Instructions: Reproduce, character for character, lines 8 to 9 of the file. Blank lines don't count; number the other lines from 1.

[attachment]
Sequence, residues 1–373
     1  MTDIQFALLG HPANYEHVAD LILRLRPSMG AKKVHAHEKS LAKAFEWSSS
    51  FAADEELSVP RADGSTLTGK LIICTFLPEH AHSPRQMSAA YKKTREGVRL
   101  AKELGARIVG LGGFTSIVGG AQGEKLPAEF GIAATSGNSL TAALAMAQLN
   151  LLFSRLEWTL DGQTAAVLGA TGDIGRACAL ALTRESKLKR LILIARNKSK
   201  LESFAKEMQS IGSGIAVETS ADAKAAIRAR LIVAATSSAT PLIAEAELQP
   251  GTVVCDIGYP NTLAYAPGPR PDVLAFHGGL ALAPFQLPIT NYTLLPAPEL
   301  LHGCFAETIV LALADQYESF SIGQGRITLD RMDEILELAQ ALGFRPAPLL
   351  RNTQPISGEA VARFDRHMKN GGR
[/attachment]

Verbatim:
   301  LHGCFAETIV LALADQYESF SIGQGRITLD RMDEILELAQ ALGFRPAPLL
   351  RNTQPISGEA VARFDRHMKN GGR